Foot-and-Mouth Disease in Australia

Posted on by PETA Australia

Foot-and-mouth disease (FMD) has been detected in animal-derived products in Australia.

Viral fragments of the disease were identified in imported meat in Melbourne during a “routine retail surveillance” exercise. The flesh also contained fragments of African swine fever.

The discovery comes after the disease broke out in Indonesia in May, with more than 200,000 cases recorded across its provinces. Previously, Indonesia had been free of the disease for 30 years.

a cow in a truckanimalrightsphotography

Why Is the Discovery of FMD Concerning?

FMD is a highly contagious disease caused by a viral infection. It affects cloven-hoofed animals including cows, buffaloes, camels, sheep, goats, and pigs.

Symptoms include fever followed by the appearance of fluid-filled blisters between the toes, on the heels, on mammary glands, and especially on the lips, tongue, and palate. These blisters can be so painful that animals can become lame and unable to eat or drink.

Younger animals can be left permanently deformed or die.

FMD can survive on many inanimate objects, such as flesh products and skins, equipment used on animals, and clothing and shoes – which is why the Australian government has implemented strict biosecurity measures for travellers from Indonesia to Australia.

The reason this outbreak has the agriculture sector so worried is because it would mean killing infected animals before humans have had a chance to profit from their flesh, secretions, and skin.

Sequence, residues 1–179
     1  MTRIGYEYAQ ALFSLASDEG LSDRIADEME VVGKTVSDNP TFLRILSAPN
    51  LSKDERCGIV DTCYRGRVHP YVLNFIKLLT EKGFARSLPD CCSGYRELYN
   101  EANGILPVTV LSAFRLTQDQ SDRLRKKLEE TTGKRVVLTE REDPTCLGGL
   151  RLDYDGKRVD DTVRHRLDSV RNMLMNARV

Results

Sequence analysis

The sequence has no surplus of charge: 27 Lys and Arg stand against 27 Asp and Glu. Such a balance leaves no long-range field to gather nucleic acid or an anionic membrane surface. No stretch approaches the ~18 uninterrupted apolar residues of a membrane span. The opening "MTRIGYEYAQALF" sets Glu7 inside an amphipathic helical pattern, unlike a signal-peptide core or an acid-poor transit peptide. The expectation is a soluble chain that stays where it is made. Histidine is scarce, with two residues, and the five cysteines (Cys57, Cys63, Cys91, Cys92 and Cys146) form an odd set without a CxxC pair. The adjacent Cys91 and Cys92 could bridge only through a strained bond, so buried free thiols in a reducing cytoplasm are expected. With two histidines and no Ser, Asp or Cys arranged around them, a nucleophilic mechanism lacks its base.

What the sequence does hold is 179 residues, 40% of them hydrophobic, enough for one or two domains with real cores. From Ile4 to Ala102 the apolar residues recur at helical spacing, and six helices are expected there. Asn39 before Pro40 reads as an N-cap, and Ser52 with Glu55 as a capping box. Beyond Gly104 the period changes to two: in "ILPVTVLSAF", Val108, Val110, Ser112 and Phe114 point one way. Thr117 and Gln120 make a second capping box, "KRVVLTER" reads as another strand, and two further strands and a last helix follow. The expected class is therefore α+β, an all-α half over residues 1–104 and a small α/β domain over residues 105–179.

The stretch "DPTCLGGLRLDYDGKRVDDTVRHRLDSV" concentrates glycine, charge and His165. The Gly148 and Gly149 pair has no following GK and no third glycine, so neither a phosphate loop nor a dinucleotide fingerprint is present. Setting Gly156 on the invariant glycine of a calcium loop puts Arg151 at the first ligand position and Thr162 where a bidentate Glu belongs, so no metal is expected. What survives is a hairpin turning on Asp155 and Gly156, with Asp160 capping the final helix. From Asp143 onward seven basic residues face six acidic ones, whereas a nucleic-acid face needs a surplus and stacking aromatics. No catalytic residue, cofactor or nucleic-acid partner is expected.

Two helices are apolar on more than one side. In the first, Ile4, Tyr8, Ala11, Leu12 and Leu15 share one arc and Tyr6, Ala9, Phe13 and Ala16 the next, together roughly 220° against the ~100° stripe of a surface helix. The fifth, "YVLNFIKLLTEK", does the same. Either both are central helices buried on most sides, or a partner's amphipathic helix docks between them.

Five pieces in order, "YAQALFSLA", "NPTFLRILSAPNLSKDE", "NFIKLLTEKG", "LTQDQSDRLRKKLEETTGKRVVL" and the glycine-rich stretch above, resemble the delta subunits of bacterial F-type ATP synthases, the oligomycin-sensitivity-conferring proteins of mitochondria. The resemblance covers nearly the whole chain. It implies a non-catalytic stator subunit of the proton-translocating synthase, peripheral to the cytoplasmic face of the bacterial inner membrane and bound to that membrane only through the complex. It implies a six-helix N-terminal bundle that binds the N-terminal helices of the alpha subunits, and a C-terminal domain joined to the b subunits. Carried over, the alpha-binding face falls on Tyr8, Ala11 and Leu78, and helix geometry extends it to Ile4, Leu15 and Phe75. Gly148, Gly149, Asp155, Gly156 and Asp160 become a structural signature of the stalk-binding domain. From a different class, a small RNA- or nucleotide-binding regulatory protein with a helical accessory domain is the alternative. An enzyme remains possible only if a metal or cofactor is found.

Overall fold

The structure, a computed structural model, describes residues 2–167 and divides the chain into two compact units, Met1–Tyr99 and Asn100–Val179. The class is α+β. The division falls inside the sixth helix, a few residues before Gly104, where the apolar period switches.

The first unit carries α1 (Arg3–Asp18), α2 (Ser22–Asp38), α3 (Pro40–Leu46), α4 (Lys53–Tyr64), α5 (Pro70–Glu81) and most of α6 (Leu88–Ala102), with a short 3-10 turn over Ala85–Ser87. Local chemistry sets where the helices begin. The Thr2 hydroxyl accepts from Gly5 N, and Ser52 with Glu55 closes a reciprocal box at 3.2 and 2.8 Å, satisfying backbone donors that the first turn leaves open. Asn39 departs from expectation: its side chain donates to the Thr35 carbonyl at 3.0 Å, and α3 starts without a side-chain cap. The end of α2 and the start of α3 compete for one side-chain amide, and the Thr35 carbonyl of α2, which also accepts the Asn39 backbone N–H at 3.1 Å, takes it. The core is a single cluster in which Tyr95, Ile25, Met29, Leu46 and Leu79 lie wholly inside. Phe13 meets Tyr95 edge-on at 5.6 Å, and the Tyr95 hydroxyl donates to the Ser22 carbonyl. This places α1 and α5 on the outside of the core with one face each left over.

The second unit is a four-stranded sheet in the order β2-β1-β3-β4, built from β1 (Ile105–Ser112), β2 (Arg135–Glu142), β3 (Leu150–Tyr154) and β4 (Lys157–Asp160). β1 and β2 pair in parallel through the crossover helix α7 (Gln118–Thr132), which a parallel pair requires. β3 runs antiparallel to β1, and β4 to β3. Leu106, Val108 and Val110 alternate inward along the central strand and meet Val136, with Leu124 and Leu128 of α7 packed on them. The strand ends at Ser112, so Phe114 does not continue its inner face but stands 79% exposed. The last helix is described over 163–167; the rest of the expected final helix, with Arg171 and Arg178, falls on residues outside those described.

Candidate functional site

The real victims of this disease are other animals, not the industries that planned to profit from their bodies.

What Causes FMD?

FMD is one of an increasing number of diseases that gestate and spread in the appalling conditions in which animals are factory farmed.

Even before the Indonesian outbreak, a group of experts led by Australia’s chief veterinarian Dr Mark Schipp found that the risk of a major animal-disease outbreak in Australia is increasing, with an estimated 42% probability the country will experience one in the next five years.

Overwhelmingly, human diseases, too, start with the abuse of animals. The appropriation of animals’ habitats has led to viruses such as COVID-19, Hendra, and Ebola. The 2009 H1N1 epidemic started in pigs. Measles originally came from cattle, and whooping cough from dogs. A professor of communicable disease control at the University of Queensland said of the growth of pathogens that spill over to humans, “The most significant driver of emergence is food production.”

What’s the Solution?

Today’s news, the ongoing COVID-19 crisis, and consistent warnings from experts about future viral outbreaks among farmed animals should be a wake-up call: whenever you breed animals for their flesh, secretions, or skins, you risk unleashing deadly diseases on all animals, including humans.

Directing travellers to clean their shoes does nothing to strike at the root of this problem. Only ending the exploitation of animals can do that.

It’s always a great time to go vegan, but now that both FMD and African swine fever have arrived in Australia, the necessity of moving away from animal agriculture and towards a plant-based food system is clearer than ever.

The problems are enormous, but the solution is simple: we need to stop breeding and slaughtering animals. Do your part by going vegan today.